This activity has held the tears in abeyance for another day.
On Wednesday I alternately sit and pace, desperately wanting to banish the confusion. I am not ready to stop loving Ted. He'd said it was "yesterday" that his pursuit of the young woman student began. But I can imagine a period of seduction going back at least to the day of the carnations.
From time to time Ted brought roses. One evening in January he gave me carnations and, as we arranged them in a vase, said, "Carnations are symbols of separation."
"And roses?" "Are symbols of love."
"What are you telling me?"
Our relationship was never without tension. On Valentine's day it was roses again.
But this is getting me nowhere. I will concentrate on the advantages of being without Ted: uninterrupted time to write; time to clean out closets and cupboards; time to take stock of my life. I block. What's ahead will be a far cry from the past when what mattered most was that Ted held, kissed, caressed and fucked me. Now he's with another woman. At last the betrayal is more than I can bear. I scream, "goddamn" and pound the wall. I cry; I sit, head on my hands, at the table and sob uncontrollably. I can't live without him.
At 7:30 Thursday morning I phone him. "You can't cut me out of your life so easily."
"I don't want to hurt you. I love you. But this woman. . . I didn't foresee . . . I couldn't have told you sooner."
"But you ended our relationship with a goddamn phone call, a cowardly phone call." It feels good to be saying it. "You don't even let me cry on your shoulder; I have to sit in this house alone and cry. For you our relationship must have been meaningless." By this time I'm half sobbing. "God, how I was deceived! I thought you understood how I felt. You understood only enough to manipulate me to meet your needs." I take a deep breath. "Ted, I hate you."
I feel better. That night when I awake at 4 A.M. I take Thomas Moore's Soul Mates off the book shelf. I had bought it when I thought of Ted and me as soul mates. I turn to the chapter on endings and read that "parting is an initiation to new awareness", that all endings are potential beginnings. Ah, perspectives I need. By the time it's light outside I'm ready to accept the loss and embrace a new beginning. I put a message on Ted's phone recorder, a bit prematurely it turns out, "I'm through crying; I'm through blaming. You've done the right thing. I couldn't have done it. And I thank you." I feel strong and clear.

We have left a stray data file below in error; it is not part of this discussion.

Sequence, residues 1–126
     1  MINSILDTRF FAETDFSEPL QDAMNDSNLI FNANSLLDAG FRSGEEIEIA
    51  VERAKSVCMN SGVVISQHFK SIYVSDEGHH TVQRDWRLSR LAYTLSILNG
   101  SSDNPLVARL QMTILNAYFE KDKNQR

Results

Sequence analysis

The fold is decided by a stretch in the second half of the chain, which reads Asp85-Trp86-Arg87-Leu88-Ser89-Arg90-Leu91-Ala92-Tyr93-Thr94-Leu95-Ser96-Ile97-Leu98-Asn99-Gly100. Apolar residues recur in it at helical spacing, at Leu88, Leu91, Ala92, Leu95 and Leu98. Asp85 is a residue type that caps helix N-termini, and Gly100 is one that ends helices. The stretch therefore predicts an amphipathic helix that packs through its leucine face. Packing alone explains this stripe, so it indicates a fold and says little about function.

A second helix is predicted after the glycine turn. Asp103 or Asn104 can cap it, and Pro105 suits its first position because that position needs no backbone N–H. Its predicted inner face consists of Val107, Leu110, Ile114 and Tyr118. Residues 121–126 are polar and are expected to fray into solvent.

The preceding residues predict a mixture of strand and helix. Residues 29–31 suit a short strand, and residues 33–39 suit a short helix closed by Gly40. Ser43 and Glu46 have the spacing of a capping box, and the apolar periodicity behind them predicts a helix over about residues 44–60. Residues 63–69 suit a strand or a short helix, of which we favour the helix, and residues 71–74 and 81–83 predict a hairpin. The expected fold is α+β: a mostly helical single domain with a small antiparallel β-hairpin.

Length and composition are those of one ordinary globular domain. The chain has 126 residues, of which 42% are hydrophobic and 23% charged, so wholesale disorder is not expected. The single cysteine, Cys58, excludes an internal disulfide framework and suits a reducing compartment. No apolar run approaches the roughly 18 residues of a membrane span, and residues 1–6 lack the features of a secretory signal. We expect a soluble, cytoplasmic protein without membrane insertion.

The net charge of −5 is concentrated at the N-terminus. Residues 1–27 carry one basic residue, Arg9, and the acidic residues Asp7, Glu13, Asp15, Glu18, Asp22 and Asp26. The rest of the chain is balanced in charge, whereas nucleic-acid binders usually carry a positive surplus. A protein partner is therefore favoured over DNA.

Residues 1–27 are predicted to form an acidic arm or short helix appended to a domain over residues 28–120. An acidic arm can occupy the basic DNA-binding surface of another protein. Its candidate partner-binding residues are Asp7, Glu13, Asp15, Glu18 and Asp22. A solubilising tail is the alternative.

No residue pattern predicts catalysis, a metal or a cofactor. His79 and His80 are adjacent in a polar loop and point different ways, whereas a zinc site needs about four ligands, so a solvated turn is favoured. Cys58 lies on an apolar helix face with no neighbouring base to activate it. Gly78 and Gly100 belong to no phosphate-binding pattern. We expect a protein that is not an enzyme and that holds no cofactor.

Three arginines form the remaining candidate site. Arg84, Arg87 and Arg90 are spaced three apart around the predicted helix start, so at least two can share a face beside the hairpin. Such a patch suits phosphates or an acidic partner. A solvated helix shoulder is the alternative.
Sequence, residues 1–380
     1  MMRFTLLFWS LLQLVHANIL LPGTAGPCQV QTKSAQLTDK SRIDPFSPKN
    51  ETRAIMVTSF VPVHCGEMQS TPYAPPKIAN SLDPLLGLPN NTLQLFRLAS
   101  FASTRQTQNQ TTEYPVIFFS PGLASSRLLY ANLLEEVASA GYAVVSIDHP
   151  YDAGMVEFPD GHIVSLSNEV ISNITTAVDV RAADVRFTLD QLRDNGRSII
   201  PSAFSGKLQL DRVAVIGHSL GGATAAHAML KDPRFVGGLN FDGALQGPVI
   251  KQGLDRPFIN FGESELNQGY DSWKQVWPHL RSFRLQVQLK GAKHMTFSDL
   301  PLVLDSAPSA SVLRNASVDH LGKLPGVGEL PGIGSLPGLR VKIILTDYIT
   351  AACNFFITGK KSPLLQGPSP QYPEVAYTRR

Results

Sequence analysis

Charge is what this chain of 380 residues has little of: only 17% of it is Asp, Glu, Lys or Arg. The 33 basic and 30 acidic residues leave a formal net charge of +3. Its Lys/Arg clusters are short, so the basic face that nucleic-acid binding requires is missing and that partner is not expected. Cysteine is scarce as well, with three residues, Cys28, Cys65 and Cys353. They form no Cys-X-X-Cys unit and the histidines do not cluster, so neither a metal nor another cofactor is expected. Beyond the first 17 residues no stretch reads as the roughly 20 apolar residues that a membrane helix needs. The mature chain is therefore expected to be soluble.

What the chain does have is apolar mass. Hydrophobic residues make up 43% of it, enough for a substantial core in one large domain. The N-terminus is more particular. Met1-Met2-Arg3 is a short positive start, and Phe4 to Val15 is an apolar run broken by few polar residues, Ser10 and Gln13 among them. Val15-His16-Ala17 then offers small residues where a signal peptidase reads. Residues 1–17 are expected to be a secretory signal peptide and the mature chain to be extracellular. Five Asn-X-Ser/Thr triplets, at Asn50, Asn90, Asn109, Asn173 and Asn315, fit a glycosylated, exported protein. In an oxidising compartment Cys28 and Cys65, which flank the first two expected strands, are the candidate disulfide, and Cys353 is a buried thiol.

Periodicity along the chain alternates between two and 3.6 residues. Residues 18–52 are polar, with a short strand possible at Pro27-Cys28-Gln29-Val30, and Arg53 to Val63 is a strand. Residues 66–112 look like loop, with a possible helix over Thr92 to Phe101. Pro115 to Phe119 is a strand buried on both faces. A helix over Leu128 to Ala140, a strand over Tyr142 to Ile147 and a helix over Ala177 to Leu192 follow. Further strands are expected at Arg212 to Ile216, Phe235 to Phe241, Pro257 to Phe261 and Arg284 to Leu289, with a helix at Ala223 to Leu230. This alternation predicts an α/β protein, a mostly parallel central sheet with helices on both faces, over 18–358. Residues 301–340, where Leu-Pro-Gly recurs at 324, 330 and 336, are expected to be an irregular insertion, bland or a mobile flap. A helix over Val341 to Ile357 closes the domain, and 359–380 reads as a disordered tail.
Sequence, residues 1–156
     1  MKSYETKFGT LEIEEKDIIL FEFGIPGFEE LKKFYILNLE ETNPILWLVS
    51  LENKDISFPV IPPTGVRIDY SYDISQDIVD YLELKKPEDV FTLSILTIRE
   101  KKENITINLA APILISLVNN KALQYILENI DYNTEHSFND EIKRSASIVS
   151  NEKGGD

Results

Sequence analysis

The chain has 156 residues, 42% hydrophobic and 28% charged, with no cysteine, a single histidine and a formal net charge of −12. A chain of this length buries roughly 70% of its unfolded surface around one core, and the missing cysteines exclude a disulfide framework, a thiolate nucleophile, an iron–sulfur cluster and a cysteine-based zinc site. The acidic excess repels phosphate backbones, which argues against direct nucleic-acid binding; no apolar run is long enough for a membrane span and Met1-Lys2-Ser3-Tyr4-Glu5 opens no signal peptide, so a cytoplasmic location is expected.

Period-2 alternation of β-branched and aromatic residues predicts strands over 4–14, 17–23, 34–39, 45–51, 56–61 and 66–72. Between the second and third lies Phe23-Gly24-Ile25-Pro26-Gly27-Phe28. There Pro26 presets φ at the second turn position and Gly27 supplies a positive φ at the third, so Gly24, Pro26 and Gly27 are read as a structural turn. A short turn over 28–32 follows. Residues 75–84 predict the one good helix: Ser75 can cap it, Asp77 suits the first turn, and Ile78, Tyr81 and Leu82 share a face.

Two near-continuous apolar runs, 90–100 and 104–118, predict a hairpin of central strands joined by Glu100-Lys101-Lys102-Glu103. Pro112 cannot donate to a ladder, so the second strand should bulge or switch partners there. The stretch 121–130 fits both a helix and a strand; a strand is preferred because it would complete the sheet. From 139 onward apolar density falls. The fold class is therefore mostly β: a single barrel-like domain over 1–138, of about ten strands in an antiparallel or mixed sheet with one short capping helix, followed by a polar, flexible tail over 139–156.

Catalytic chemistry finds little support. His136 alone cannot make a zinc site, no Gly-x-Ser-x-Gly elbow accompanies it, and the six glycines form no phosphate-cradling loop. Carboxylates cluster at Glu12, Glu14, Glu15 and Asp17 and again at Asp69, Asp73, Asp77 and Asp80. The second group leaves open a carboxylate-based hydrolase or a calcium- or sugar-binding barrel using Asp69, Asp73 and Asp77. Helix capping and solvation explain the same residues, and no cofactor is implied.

He calls the following evening, one week from his first fateful call. His voice is flat and tired. "I feel pretty unbalanced," he said. "This woman's needs are overwhelming. She expects me to be lover, daddy, protector and supporter. I'm not up to that."
Knowing so well his own huge needs I can understand his predicament.
"Honey", he continues, "I value your friendship. I want to be able to talk to you, like I always have. I'd like to be able to come over again and cook dinner for us sometime."
When several times a week Ted cooked our dinner love-making always preceded it. Around five one of us would rouse and say, "I'm getting hungry." Or, "What's in the kitchen for dinner?" And going to the garden and to the refrigerator he somehow concocted a luscious original meal. As we savored it, we'd reach out and hold hands for a moment and look into each others eyes.
"Darling," I answer, "I couldn't possibly agree to dinner. Don't you realize I'm jealous? I can't bear to think that you're giving another woman the pleasure you gave me. You're addicted to excitement. Someday you'll tire of her, just as you tired of me. Meanwhile I wish you well."